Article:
Investigations on the alimentary biology of the spider crab have been carried out by Paul, et al. (1979), Woods (1993) and Bernárdez, et al. (2000), and most on research efforts have been concentred on the ecological approach (Mantelatto et al., 2004). Investigations regarding the alimentary biology of crabs on the Brazilian coast remain scarce, being limited to some reports by Branco and Verani (1997), Brogim and Lana (1997), Carqueija and Gouvêa (1998), Mantelatto and Petraco (1997) and Branco et al. (2002).

The spider crab L. spinosa H. Milne Edwards, 1834, belongs to the Majoidea superfamily, Pisidae family, and is found on the Brazilian coast from Espírito Santo to Rio Grande do Sul, and also Uruguayan and Argentinean waters (Martin and Davis, 2001; Melo, 1996). This investigation aimed to provide information on the diet composition of the spider crab L. spinosa on the north-eastern of São Paulo State by the analysis of stomach contend as well as the seasonal analysis of occurrence of the different food items.



Monthly collections were conducted from April to September 2001 on the Ubatuba bay, north-eastern coast of São Paulo State (23º25’S – 45º00’W) (Fig. 1), by the double rig bottom trawl. All the material obtained was fixed in 10% formaline. In laboratory, only the adult crabs were dissected and stomachs were removed to analysis under stereomicroscope (40X magnificence). The stomachs contents were identified up to the class or order level, or until the possible taxon.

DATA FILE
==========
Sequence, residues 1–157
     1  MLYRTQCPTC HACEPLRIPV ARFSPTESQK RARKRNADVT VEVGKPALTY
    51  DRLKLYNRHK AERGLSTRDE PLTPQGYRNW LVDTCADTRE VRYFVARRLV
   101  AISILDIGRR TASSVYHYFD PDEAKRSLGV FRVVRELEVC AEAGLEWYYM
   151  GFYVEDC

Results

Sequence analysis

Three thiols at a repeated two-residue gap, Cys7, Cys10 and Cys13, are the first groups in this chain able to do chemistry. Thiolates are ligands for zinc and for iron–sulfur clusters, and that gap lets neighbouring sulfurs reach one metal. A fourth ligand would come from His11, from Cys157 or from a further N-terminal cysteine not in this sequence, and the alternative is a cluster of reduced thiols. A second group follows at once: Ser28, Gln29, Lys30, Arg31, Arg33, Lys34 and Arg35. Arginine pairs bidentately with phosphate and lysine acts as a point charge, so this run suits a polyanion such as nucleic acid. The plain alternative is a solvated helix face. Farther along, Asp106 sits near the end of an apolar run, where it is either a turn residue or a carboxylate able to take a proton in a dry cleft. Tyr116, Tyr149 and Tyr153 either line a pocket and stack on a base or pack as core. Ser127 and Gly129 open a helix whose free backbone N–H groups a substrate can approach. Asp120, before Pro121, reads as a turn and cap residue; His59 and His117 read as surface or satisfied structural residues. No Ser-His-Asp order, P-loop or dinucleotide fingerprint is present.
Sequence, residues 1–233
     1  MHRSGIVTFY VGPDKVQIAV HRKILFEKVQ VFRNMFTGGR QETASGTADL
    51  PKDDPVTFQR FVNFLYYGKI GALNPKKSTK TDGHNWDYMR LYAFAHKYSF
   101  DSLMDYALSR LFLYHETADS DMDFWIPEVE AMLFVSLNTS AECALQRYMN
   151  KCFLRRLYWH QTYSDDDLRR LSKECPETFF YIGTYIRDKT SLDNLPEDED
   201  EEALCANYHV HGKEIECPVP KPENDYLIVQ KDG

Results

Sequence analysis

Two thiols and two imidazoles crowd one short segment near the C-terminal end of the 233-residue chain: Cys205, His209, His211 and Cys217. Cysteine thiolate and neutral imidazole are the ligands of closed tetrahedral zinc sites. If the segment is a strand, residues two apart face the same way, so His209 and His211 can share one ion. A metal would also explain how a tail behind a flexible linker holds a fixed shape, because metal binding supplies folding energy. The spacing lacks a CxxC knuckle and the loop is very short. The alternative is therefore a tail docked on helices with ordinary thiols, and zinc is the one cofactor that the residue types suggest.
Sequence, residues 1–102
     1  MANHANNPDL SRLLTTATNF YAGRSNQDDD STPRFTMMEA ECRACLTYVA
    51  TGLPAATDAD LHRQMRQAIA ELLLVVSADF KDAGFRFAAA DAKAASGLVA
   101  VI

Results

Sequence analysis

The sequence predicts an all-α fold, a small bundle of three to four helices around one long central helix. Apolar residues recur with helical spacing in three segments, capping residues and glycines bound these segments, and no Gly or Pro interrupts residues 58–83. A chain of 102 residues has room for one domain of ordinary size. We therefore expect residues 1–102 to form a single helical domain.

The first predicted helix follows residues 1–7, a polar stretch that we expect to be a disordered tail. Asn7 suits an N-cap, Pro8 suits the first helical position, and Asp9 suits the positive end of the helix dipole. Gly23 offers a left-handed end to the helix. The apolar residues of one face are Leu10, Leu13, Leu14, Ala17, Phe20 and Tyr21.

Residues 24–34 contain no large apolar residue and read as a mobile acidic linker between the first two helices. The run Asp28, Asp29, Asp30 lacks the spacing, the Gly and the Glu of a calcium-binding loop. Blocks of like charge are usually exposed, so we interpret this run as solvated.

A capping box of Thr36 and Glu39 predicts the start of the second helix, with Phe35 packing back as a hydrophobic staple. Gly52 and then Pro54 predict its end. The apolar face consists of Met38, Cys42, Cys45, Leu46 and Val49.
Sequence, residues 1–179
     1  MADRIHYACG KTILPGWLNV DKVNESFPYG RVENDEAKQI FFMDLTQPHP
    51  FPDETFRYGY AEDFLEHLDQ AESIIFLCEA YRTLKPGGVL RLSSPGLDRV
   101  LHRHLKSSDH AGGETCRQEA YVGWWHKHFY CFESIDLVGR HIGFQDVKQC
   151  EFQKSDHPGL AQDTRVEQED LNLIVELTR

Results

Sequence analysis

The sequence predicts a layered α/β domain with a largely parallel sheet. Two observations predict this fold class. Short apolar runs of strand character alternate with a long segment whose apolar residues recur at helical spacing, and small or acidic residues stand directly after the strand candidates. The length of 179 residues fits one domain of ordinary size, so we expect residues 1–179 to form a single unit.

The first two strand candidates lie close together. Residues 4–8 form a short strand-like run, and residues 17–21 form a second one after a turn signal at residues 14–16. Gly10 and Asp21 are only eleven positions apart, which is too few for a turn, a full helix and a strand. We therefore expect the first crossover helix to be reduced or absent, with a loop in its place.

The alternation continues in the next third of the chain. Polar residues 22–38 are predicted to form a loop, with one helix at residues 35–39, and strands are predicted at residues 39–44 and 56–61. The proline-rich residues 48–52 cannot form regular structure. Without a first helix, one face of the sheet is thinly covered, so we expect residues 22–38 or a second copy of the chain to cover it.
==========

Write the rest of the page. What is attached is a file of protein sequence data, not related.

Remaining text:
The alimentary items were identified by the method of Frequency of Occurrence (Willians, 1981), calculated by dividing the number of stomachs which contained a food items by the total number of stomachs observed. This method is considered to be the only method that can be rapidly applied to the analysis of stomach contents in crabs (Willians, 1981).



A total of 194 stomachs were analysed and 9 alimentary items were identified as described in Table 1. A large amount of advanced digested material was not possible to identify, hence was called unidentified material. Unindentified materials were recorded in 98% of crabs, showing the major percentage of occurrence in this study. In contrast, poriferan was found for less than 1% of stomachs (Fig. 2).





The seasonal analysis of the food items frequency showed that the sediment was recorded during the entire period, with larger frequencies in July. The occurrence index other food items suffered large variation within the months. Preys as Porifera, Cnidaria, and Polychaeta were recorded in less than 10% of analysed stomachs. The major diversity of alimentary items in the crab stomach (Table 2) was recorded during May. It was important to note that no spider crabs were obtained during June, that justified its absence in the monthly analysis.




The diet characterisation as generalist or specialist requires more than the simple numeric relationship of consumed items, and depends on the food origin (e.g. animal or plant) and on the mobility degree of these alimentary items (Kapusta and Bemvenuti, 1998). In this sense, the results showed that L. spinosa consumed both sessile and mobile preys. A large amount of unidentified material was found in the stomach that was the result of an advanced digestion degree. Crustacean jaws and gastric mills provide food triturating. This action makes the food material an unidentified mass item, and suggests that these crabs present a high digestive ratio.